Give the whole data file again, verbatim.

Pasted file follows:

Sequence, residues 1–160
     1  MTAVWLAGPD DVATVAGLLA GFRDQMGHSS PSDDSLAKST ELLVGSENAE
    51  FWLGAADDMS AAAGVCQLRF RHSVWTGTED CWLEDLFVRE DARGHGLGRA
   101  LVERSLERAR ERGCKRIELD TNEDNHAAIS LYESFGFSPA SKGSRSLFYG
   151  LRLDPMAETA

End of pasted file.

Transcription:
Sequence, residues 1–160
     1  MTAVWLAGPD DVATVAGLLA GFRDQMGHSS PSDDSLAKST ELLVGSENAE
    51  FWLGAADDMS AAAGVCQLRF RHSVWTGTED CWLEDLFVRE DARGHGLGRA
   101  LVERSLERAR ERGCKRIELD TNEDNHAAIS LYESFGFSPA SKGSRSLFYG
   151  LRLDPMAETA